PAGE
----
Britannica Would Like To Edit Nature's Study On Wikipedia

from the took-their-sweet-time,-didn't-they? dept

We didn't mention the study that the journal Nature put out a few months ago, claiming that the Encyclopedia Britannica was just about as likely to have mistakes as Wikipedia. It generated lots of news coverage, mainly because everyone likes to compare the two, and Wikipedia haters insist that there's no possible way Wikipedia could be as trustworthy as Britannica. The reason we skipped it, is because the comparison is silly. As long as you recognize the different methodologies used in creating and maintaining the two offerings, then the rest of the debate seems sort of pointless. It's not like the two resources can't both exist. However, it is interesting to see that the folks at Britannica, as is befitting their own methodology, waited quietly for a few months before publicly slamming the Nature article, saying that it was "wrong and misleading." Sounds a bit like they're on the defensive. The point, honestly, isn't about comparing the two. It's no secret that there are mistakes in Britannica, or that there are mistakes in Wikipedia. The real issue is the process used to create and maintain these entries, and what they're useful for. As long as people understand that neither is the "one true" authoritative source on anything, then both become useful exactly as they should be: as one resource among many for those researching certain topics.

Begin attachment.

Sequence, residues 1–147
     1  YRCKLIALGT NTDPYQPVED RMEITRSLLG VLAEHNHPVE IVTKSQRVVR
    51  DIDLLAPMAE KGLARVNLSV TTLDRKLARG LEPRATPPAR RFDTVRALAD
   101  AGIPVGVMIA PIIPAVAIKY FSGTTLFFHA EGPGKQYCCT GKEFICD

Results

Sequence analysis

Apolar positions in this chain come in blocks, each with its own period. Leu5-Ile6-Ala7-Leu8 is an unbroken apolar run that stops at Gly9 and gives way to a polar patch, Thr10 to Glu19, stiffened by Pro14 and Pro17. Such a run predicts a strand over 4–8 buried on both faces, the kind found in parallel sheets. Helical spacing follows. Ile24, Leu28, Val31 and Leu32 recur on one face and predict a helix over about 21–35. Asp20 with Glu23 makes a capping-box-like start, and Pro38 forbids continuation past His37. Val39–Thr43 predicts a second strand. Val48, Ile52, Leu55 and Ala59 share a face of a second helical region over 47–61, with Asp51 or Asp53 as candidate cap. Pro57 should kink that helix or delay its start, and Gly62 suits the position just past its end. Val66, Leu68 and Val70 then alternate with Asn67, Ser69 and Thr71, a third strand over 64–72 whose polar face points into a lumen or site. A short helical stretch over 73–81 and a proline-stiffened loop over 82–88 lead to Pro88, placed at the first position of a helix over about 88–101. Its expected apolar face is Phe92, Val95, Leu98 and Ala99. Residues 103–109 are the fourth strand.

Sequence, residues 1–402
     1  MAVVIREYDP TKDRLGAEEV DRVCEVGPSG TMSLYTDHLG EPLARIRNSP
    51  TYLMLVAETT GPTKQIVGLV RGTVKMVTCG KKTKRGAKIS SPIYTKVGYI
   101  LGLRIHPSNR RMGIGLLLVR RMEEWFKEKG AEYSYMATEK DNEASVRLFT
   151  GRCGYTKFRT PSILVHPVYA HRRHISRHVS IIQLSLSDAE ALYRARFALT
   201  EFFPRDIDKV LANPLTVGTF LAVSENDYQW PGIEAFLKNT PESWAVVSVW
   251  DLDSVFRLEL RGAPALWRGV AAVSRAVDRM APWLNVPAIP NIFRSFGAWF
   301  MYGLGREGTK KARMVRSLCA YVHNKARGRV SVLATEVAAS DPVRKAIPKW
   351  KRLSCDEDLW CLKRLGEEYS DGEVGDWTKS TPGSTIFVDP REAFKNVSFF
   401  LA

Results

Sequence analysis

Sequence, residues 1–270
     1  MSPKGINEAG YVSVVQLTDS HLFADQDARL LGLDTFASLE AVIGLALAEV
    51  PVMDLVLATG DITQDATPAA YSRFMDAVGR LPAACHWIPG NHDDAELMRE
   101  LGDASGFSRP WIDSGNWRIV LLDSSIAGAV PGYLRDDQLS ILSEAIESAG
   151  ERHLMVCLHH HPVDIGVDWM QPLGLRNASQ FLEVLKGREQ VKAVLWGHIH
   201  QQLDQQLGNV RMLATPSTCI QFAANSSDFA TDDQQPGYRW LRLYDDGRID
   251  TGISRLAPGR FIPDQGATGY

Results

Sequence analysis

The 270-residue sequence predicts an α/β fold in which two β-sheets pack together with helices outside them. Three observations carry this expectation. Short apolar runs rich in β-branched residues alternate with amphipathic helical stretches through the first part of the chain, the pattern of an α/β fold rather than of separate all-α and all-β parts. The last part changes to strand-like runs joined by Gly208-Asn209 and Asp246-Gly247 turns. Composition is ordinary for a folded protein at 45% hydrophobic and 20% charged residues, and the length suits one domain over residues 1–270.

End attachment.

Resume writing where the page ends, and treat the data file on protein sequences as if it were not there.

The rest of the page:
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  1. identicon
    Just one guy, 24 Mar 2006 @ 2:25am

    Where's Britannica's 20 pages' study?

    I could not find the original Britannica's discussion of Nature's article.

    Neither you nor UsaToday provide a link. Do you know where we can find it?

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